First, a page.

I have committed a knitting sin: I. Did. Not. Block. This. Scarf. And I will not apologize. The yarn: it was 100% silk. Blocking kills silk; it becomes stretched-out, limp, inert. With this piece I wanted texture, all the lovely texture you see in the above photo.
The lovely yarn is Sundara Sport Silk, in the “Worlds of Unknown” colorway. Most of the yarn I impulse-buy these days is from Sundara; I’m a sucker for the dyer’s “daily dreams” email format. The pattern is Hunter Hammersen’s Infuscate, from her Curls book, which I adore, and to which I recently learned there is a new sequel. Here’s a zoomed-out photo, so you can see more of the piece in all its glory:
The 3-D texture is 3/4 of the appeal for me with this thing, and it’s plenty big without blocking. So here we are: blasphemy.
While we’re at it, here are two more projects from my backlogs:
Ok, so maybe I’m a sucker for variegated purples. You did notice how I dyed my hair purple this summer, right? This yarn here is Pride from Forbidden Woolery, in the “Spellbound” colorway. It was produced specially for my LYS, Alamitos Bay Yarn Company, for the 2016 LA County Yarn Crawl. It’s hard to tell from this picture, but it has silver threads woven into it, so it’s sparkly.
The pattern is Ardent by Janina Kallio, whose simple designs I have been into lately. I picked this pattern because I thought it would hold up well to the variegation in the yarn, and I was not wrong. I made this a bit larger than the pattern in order to use up most of the yarn; I added another lace section at the end.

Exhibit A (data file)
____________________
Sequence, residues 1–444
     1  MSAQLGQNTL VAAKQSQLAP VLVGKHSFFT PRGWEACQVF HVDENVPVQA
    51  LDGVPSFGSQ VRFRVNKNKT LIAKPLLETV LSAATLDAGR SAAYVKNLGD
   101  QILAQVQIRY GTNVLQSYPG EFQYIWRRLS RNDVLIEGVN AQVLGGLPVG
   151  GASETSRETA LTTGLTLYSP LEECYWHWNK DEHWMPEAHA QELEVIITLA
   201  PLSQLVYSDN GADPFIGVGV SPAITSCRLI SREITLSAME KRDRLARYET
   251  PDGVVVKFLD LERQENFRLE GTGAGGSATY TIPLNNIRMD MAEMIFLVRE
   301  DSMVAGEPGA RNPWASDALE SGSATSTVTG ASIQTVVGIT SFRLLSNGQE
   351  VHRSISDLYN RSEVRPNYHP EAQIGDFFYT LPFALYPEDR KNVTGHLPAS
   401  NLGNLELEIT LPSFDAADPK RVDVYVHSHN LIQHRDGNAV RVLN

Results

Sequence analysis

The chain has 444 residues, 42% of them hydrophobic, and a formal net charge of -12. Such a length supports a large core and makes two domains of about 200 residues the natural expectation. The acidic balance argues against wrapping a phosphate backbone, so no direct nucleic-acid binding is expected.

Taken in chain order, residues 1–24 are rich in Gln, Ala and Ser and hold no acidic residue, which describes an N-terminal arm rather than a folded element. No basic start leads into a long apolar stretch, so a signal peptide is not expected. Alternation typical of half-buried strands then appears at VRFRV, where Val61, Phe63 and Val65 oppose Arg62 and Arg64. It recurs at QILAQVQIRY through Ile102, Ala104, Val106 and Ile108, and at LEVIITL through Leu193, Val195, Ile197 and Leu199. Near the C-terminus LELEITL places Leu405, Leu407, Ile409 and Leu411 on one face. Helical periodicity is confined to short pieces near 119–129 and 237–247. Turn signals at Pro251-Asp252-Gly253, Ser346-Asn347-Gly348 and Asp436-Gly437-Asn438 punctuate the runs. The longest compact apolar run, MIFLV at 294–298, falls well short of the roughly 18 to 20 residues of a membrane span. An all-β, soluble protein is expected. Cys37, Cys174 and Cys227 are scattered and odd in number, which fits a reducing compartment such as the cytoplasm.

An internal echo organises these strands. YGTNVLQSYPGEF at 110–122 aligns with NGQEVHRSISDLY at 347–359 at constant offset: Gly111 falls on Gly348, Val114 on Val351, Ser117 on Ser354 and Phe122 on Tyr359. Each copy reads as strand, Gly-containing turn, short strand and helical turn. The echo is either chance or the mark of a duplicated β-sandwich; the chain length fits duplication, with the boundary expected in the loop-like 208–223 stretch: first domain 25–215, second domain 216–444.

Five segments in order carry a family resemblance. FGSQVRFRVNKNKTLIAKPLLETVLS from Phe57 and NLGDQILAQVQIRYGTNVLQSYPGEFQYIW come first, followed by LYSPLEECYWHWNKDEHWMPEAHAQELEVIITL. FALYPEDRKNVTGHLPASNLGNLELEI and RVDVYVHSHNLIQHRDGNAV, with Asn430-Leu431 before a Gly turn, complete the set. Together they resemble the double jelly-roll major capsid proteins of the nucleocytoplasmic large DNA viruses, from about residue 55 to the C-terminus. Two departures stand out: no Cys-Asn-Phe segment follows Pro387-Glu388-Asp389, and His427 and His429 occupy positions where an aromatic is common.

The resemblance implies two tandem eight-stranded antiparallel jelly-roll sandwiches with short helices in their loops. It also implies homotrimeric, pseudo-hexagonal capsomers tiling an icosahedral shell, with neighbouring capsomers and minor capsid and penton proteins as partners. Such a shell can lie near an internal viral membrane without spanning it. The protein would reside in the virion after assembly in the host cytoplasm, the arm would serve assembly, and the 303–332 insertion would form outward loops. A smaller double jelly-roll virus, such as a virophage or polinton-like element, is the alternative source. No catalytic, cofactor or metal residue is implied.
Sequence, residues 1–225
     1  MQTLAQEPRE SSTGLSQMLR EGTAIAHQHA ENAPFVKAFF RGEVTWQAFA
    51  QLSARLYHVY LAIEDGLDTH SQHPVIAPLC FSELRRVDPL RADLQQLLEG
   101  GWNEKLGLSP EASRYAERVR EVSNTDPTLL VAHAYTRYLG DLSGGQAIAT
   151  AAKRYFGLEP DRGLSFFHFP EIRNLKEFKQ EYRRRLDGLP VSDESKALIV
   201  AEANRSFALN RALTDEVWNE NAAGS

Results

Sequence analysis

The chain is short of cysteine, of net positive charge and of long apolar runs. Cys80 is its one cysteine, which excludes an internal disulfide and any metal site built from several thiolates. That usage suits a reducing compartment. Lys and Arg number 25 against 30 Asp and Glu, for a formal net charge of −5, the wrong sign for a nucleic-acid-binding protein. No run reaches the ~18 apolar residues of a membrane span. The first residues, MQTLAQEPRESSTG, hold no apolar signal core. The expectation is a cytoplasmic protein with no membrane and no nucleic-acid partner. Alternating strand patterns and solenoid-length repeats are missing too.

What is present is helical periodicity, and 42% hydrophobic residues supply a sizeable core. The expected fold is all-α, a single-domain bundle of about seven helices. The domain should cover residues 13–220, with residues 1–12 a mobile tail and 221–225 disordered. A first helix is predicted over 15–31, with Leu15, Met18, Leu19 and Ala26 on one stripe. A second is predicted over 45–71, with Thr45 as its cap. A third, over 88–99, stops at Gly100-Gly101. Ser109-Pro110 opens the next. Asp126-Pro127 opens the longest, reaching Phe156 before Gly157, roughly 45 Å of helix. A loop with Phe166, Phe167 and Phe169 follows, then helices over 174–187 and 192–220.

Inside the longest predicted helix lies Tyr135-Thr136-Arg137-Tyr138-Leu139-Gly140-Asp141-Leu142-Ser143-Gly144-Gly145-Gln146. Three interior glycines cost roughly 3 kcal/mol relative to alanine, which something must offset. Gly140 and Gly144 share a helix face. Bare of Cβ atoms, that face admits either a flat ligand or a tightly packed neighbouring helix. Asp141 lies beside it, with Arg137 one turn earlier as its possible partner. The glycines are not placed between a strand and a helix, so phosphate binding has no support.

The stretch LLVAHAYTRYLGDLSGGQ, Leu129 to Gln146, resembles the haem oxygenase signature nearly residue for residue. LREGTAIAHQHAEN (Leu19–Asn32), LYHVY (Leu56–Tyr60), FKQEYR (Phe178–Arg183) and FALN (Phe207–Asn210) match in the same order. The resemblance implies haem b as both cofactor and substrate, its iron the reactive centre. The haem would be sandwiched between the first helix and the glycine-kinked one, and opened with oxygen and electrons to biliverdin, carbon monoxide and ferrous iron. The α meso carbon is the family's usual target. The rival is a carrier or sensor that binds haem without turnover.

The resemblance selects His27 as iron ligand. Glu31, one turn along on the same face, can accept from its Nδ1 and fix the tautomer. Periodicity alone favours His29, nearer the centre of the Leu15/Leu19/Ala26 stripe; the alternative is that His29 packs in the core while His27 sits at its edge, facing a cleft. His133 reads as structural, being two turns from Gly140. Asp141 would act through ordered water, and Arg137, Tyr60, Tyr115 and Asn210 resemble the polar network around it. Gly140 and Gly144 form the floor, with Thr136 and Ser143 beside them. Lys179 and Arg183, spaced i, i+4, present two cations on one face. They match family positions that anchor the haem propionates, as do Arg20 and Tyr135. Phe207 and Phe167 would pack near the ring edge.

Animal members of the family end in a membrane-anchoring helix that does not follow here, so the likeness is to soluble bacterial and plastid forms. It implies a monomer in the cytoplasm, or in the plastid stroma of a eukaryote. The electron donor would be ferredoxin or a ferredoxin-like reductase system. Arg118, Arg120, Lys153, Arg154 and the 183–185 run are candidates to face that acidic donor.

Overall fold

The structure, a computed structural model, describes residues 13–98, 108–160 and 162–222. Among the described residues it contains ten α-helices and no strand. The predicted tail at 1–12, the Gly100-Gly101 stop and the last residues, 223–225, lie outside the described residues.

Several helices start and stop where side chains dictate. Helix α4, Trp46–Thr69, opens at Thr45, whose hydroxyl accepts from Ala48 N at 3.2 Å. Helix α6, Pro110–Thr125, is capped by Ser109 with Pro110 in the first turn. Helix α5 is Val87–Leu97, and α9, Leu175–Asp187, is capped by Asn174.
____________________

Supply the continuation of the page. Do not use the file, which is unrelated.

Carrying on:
Here’s a REALLY old FO:
I finished this at least four or five years ago, but I didn’t block it until a few weeks ago, because when I don’t have the blog going I sometimes just… don’t really have an end point in mind for a piece, and it slips my mind. The yarn is Tosh Merino Light; I’m not sure of the colorway. The pattern is the Augustine Shawlette by Valdis Vrang, a variation on the once-ubiquitous Clapotis.
Clapotis is perhaps the first pattern that I remember “going viral;” it was back in the bad old days before Ravelry, when the only online knitting community that I was personally aware of was the knitting group on LiveJournal. I was still just learning my knits and purls in 2004 when Clapotis hit the web, so its drop-stitch technique was beyond me, but I remember that EVERYONE ON EARTH made one, and there were jokes to be had about “catching the clap.” Later in my knitting life, when I came across this triangular version, I decided I would give it a shot to see what all the fuss had been about. It’s very easy to knit, which is nice, and I get it now: there’s a certain magic to dropping your stitches at the end and ripping out those entire huge columns to create the final effect. I’m glad to finally have this thing in my wardrobe, at any rate — thanks, knitting blog, for getting me off my ass!